It's a little known fact that the music on most of the hit records coming out of California in the late 1950s and early 1960s was played by the same group of musicians.
A new documentary, "The Wrecking Crew," tells the story. However, the film's director, Denny Tedesco, has a challenge: paying for all that music.
He's hoping that a screening in Minneapolis on Thursday will pull back the curtain on some legendary music makers, and help pay for the movie at the same time.
The audience will discover that even iconic American Bandstand host Dick Clark was in the dark when it came to knowing the session players who put the polish acts as diverse as The Beach Boys and Frank Sinatra.
"In the hard core producing area everyone knew what went on," Clark says in the documentary. "Everyone knew that the best musicians played on all the sessions. But we, as the general public didn't know."
The actual Wrecking Crew was a loose-knit group of about 20 to 30 session musicians who worked in Los Angeles. They were young, and initially had a hard time breaking into the business. However, they had an ace in the hole: They were willing to play rock 'n' roll. And that, said Tedesco, is how they got their name.
And Tedesco learned that their history is part of his own family's lore. He's the son of Wrecking Crew guitarist Tommy Tedesco, who put his mark on many hits.
"Hal Blaine was the drummer," Tedesco said. "And he said the older guys, the session musicians of the day, the established guys, said 'These guys are going to wreck the business playing this rock 'n' roll stuff."
But it was rock 'n' roll the public wanted and Tedesco says the Wrecking Crew was happy to oblige. Soon, they were all over the radio.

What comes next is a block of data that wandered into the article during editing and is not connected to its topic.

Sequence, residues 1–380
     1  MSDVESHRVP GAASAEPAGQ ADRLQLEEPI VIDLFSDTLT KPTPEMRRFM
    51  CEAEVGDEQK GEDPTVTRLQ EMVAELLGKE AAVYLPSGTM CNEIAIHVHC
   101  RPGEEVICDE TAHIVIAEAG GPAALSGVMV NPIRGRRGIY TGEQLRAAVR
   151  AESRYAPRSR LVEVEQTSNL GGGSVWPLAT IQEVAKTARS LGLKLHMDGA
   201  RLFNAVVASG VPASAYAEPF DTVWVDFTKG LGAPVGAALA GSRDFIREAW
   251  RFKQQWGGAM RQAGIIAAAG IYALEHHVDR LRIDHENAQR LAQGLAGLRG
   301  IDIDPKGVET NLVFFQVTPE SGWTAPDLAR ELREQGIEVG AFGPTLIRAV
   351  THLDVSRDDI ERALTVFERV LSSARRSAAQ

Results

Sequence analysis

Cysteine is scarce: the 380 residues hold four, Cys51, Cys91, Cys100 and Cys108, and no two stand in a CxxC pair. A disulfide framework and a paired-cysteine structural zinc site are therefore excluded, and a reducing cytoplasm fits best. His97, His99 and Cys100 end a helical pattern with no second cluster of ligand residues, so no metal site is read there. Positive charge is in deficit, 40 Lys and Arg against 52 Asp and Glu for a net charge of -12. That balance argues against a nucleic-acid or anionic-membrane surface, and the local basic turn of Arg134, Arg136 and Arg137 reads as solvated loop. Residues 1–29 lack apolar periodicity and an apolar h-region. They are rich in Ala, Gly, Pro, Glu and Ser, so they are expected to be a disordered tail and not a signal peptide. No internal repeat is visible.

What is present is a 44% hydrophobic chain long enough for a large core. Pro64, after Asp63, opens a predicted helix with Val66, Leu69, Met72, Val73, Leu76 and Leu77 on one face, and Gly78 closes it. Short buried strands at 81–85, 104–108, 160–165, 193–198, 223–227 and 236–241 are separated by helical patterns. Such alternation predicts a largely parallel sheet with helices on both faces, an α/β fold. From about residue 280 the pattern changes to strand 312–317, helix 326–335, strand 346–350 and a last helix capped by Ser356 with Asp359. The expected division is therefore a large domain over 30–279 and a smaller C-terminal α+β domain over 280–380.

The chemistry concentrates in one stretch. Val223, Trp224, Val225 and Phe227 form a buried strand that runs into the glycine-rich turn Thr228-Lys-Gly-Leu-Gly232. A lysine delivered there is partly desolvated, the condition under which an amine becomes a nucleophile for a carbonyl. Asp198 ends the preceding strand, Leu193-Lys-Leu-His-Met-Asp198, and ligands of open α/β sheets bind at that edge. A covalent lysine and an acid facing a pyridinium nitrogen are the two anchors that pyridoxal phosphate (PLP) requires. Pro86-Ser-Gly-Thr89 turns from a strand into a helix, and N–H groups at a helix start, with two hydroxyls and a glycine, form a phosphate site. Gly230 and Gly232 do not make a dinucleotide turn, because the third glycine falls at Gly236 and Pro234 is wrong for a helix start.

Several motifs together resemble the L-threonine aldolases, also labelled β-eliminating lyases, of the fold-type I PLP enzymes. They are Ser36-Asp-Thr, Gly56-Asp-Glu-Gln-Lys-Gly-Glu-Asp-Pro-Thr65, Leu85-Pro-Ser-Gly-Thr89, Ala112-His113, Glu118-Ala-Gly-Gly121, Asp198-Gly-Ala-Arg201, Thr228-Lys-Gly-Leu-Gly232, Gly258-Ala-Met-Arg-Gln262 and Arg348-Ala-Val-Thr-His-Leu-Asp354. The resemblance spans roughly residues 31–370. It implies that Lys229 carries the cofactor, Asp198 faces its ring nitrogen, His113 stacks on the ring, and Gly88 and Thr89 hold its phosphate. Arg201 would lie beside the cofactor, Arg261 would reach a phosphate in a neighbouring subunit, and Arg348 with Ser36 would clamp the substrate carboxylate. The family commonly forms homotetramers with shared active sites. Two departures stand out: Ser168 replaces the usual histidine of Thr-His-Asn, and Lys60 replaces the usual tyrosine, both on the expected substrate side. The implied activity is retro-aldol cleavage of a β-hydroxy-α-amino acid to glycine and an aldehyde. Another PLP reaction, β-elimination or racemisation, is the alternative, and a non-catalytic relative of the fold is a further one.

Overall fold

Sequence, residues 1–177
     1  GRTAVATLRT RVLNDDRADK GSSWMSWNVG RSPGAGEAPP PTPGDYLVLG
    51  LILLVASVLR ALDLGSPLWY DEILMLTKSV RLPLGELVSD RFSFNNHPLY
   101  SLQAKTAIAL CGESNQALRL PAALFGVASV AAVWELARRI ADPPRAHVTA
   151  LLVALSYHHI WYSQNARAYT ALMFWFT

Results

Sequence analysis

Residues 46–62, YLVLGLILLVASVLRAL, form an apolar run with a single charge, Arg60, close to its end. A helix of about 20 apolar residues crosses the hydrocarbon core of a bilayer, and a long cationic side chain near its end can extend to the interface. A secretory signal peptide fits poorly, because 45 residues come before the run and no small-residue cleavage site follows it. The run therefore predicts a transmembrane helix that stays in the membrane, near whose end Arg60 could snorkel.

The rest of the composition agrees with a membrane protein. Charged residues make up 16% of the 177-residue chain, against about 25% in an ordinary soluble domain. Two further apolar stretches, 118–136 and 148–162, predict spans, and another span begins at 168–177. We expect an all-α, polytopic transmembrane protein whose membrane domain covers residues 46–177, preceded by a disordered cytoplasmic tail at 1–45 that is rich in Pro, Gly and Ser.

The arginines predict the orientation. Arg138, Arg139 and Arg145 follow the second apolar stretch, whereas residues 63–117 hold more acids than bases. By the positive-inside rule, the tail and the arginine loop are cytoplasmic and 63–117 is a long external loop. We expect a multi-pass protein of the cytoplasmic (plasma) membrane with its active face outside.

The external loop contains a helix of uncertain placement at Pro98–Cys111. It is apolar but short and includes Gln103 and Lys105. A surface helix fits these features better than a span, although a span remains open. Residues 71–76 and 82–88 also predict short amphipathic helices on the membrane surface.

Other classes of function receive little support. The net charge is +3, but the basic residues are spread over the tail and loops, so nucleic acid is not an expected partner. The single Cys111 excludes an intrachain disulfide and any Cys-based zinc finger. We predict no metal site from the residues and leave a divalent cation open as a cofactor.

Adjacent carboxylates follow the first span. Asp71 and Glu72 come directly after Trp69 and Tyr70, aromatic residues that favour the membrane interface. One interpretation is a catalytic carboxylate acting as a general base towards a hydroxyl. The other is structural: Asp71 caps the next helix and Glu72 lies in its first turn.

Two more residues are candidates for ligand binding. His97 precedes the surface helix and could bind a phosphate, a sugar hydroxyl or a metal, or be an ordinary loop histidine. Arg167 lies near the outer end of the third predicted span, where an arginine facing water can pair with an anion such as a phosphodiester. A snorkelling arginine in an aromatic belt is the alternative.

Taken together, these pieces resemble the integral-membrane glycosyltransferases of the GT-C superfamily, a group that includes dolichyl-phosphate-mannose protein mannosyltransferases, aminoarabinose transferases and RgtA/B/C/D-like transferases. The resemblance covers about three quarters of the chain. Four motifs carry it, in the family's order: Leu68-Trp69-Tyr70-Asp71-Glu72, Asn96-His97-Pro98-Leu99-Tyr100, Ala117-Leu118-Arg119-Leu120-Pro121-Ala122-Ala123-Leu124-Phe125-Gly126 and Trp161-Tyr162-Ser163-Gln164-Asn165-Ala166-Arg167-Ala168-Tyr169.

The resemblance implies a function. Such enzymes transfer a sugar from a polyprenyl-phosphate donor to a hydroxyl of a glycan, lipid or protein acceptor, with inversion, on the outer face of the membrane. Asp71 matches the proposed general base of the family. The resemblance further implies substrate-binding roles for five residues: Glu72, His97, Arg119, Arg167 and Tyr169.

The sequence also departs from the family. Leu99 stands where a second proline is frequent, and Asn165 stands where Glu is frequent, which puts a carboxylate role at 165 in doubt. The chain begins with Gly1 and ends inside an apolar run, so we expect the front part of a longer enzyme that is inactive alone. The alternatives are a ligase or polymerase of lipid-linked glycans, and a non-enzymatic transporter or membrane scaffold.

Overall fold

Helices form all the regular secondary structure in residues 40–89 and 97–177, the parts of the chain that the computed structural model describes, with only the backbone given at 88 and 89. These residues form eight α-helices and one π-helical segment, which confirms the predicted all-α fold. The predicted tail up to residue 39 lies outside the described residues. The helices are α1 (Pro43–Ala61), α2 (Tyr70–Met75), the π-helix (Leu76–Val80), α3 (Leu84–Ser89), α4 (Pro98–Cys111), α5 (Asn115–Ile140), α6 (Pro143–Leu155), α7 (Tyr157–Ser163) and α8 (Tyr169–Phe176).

"They recorded behind the Beach Boys, Jan and Dean. They were Sinatra's back-up band, Elvis, Sam Cooke. They were Phil Spector's Wall of Sound. And they would just go from recording session to recording session constantly," Tedesco said.
The musicians just saw it as a paycheck, but their work was so good and so varied that it became hugely influential, even reaching across the Atlantic to touch the Rolling Stones.
"When Charlie Watts says he was so disappointed when he discovered that five of his favorite rock drummers were Hal Blaine, that's pretty funny," said Tedesco.
The Wrecking Crew wasn't limited to pop songs. Tommy Tedesco also composed some classic TV themes.
"You know as much as my father wants to be remembered for some of the greatest pieces of music he worked on with John Williams, he'll always be remembered as the guy who played the guitar theme to 'Batman,' or 'Green Acres,' or even 'Bonanza.' "
Denny Tedesco began working on the film 15 years ago when doctors diagnosed his father's cancer. He interviewed his dad before he died, as well as a host of the other musicians, and the stars who used them, including Cher, Herb Alpert, Brian Wilson, and Nancy Sinatra.
He would have liked to have had the film out in a couple of years, but he ran into a problem. Tedesco knows that to make a film about musicians, it's good to include their work.
"And I said, 'I can't do this without the music.' There's 133 music cues in the film, and you'll know 130 of them."
Obtaining music rights can be an expensive quagmire, particularly for independent filmmakers. Christie Healey, board chair of IFP Media Arts in St, Paul, which works to support regional independent film making, says there are two issues which can trip up filmmakers.
"One is the cost of music clearance, and the other is not realizing that you need to clear all music that you need in the soundtrack," Healey said.
As the son of a musician, Tedesco knew all about the second pitfall, and soon found out about the reality of the first.
"I'm trying to raise $300,000, you know, just to release this film on DVD and in the theaters," he said.
That's why he's bringing the movie to Minneapolis Thursday evening for two fundraising screenings at the AMC Block E Theaters, and an afterparty at Gleuks. He's already raised a third of the money, and he hopes to get the film out by next year.